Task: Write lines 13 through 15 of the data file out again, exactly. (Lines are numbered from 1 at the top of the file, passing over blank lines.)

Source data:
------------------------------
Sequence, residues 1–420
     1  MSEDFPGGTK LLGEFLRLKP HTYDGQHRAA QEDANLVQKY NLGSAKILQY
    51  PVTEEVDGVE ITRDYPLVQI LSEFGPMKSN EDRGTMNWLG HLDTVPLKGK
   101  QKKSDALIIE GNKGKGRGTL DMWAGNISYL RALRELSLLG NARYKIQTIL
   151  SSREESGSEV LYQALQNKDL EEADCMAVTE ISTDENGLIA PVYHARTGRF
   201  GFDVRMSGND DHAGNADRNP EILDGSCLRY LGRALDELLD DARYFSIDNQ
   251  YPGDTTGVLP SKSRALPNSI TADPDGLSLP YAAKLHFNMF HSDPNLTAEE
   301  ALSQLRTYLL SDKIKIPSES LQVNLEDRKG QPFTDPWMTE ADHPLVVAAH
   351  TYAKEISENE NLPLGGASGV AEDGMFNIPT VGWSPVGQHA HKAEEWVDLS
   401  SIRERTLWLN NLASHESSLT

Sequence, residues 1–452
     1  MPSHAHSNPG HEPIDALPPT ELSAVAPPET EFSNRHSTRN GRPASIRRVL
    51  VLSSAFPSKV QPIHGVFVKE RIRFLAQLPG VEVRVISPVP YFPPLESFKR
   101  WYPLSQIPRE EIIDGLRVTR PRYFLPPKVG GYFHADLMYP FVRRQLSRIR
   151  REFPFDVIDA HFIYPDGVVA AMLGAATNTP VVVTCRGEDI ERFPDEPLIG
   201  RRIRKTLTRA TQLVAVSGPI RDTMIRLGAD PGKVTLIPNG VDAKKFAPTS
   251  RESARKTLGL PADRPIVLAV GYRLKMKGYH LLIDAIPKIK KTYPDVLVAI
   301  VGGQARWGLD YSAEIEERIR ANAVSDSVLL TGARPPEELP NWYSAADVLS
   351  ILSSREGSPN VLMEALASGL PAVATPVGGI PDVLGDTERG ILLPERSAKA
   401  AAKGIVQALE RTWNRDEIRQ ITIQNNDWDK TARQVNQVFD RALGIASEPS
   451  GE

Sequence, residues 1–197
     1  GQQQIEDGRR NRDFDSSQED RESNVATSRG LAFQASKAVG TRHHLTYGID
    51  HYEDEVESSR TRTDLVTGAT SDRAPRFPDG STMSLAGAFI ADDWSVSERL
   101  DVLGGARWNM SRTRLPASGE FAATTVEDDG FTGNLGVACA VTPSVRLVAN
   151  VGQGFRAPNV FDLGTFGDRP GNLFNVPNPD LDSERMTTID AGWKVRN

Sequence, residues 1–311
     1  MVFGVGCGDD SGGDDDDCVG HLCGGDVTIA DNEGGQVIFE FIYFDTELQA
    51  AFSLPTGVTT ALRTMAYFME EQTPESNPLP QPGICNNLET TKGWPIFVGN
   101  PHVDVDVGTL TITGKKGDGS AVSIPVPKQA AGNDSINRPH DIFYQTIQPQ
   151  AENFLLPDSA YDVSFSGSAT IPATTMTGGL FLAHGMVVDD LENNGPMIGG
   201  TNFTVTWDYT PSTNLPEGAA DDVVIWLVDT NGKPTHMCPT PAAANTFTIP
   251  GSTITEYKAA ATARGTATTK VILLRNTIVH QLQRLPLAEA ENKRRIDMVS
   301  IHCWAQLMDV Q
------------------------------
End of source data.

    51  VLSSAFPSKV QPIHGVFVKE RIRFLAQLPG VEVRVISPVP YFPPLESFKR
   101  WYPLSQIPRE EIIDGLRVTR PRYFLPPKVG GYFHADLMYP FVRRQLSRIR
   151  REFPFDVIDA HFIYPDGVVA AMLGAATNTP VVVTCRGEDI ERFPDEPLIG